Canada revealed new rules to ban some fossil fuel subsidies, targeting those that unfairly advantage oil and gas, solely support sector activities or endorse consumption of fuels that worsen climate change.
- G-20 leaders pledged in 2009 to “rationalize and phase out over the medium term inefficient fossil fuel subsidies.”
- Canada banned many subsidies but gave numerous exemptions, including for subsidies that enable significant net emissions reductions in Canada or internationally, as well as those that support clean energy, clean technology or renewable energy.
- The country has the world’s third-largest nationally proven crude reserves, and oil and gas represent as much as 7% of the country’s gross domestic product and a fifth of its goods exports.
Environment Minister Steven Guilbeault billed the move as the first fulfillment among Group of 20 nations of a 14-year-old old climate promise. “This is a fundamental shift from what we’ve done in this country for decades,” he told a news conference on Monday.
G-20 leaders pledged in 2009 to “rationalize and phase out over the medium term inefficient fossil fuel subsidies.” However, they didn’t define which public supports would fall into that category or set a deadline for the ban.
In 2016, Canada, the US and Mexico promised to complete the phaseout by 2025. Prime Minister Justin Trudeau’s government since accelerated the timeline to 2023, and on Monday revealed how it would define a banned fossil fuel subsidy.
Under the framework, a measure is deemed a “fossil fuel subsidy” if it meets two criteria. First, it must disproportionately benefit the fossil fuel sector, solely support fossil fuel activities or support fossil fuel consumption. Second, it must meet the World Trade Organization definition of a subsidy, which is a financial contribution by a government or a form of income or price support that benefits the recipient.
The government said all subsidies that meet those criteria will be banned. But it gave numerous exemptions, including for subsidies that enable significant net emissions reductions in Canada or internationally, as well as those that support clean energy, clean technology or renewable energy. It also exempted those that provide essential energy to remote communities, provide short-term support in an emergency and support Indigenous economic participation in fossil fuel activities.
Finally, it exempted subsidies that support abated production processes or projects that have a credible plan to achieve net-zero emissions for 2030. Guilbeault has said previously that federal funding for carbon capture technology will be exempted.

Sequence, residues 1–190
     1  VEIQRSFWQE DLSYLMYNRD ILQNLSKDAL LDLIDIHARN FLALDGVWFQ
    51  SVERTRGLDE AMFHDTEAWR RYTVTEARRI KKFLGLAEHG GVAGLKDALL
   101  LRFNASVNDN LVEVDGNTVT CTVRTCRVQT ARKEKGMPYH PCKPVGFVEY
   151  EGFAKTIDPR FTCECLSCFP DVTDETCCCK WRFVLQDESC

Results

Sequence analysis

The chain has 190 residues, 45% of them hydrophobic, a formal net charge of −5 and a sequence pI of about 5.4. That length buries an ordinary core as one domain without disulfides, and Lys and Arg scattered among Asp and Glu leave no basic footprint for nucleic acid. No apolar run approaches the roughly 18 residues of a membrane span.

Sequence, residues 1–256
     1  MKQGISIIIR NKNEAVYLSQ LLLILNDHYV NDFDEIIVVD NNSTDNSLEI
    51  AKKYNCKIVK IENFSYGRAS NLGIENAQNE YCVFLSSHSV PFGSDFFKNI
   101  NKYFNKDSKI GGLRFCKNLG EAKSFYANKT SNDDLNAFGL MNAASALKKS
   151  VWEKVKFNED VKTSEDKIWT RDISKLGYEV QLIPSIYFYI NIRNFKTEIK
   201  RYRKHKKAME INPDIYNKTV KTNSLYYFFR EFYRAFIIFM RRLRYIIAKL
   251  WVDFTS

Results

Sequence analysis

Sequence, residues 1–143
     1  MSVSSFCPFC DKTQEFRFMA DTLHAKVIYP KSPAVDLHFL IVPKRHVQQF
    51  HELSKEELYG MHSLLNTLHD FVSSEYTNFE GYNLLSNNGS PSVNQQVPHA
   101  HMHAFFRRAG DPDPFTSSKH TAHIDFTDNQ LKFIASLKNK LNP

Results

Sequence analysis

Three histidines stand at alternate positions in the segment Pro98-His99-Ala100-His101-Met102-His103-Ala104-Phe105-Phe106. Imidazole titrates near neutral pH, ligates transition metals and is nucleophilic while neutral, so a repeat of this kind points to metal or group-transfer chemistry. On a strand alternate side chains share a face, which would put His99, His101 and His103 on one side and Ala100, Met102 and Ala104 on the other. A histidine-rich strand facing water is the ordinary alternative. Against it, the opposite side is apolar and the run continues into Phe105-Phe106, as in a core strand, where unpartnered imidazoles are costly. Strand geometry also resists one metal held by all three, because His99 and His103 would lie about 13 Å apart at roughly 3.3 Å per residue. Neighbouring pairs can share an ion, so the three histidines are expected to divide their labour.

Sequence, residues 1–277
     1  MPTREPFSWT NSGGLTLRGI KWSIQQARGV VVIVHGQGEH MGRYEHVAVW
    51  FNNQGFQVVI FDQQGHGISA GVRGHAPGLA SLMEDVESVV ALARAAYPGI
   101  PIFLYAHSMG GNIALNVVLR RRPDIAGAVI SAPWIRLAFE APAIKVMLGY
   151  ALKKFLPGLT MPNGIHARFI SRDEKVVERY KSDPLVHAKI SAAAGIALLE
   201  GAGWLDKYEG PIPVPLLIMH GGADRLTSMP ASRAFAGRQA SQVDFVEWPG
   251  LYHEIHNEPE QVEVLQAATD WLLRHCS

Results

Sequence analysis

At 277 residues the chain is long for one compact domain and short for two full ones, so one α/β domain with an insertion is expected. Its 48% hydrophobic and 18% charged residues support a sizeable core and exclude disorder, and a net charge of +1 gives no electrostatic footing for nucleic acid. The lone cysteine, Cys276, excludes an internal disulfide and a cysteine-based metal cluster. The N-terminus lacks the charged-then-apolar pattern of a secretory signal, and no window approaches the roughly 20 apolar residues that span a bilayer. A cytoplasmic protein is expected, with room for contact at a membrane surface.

Canada will submit its framework for peer review by other nations in the G-20. It expects that process will be completed in 2024.
The government said all nine existing tax measures that fall within the criteria already been phased out or restructured, including changes to the tax treatment of expenses associated with oil and gas drilling and development, which used to be immediately deductible and are now gradually deducted over time, as well as the ending of flow-through shares for oil, gas and coal.
The framework will also be applied to 129 non-tax measures. As well, the government established guidelines that it said will act as a screen to all future federal government transfers, expenditures and government research that benefit the fossil fuel sector or support fossil fuel consumption.
Canada didn’t supply a dollar amount associated with the subsidies it intends to axe, saying the peer-review process will determine the amount associated with existing non-tax measures and it is difficult to calculate the impact on future spending.
Since the framework targets subsidies that disproportionately benefit fossil fuels, it didn’t eliminate exploration and development expense deductions generally available to natural-resource projects. Environmental groups decried the government’s decision to allow oil and gas producers to continue to access those tax breaks.
The new rules also don’t apply to public financing through Export Development Canada and other Crown corporations. “This is alarming given that Canada is one of the largest providers of fossil fuel financing in the G-20,” said Julia Levin, associate director of national climate for Environmental Defense.
New Democratic Party lawmaker Laurel Collins, whose party pushed for an end to fossil-fuel subsidies as part of its deal to prop up Trudeau’s Liberals, said her caucus had to “fight like hell” to get the government to this point and yet the announcement still “doesn’t meet the urgency of the moment.”
Canada has the world’s third-largest nationally proven crude reserves, and oil and gas represent as much as 7% of the country’s gross domestic product and a fifth of its goods exports. The country gave as much as C$20 billion ($15.2 billion) in support last year to the oil and gas sector, according to the International Institute for Sustainable Development, which said subsidies accounted for a significant portion of that total.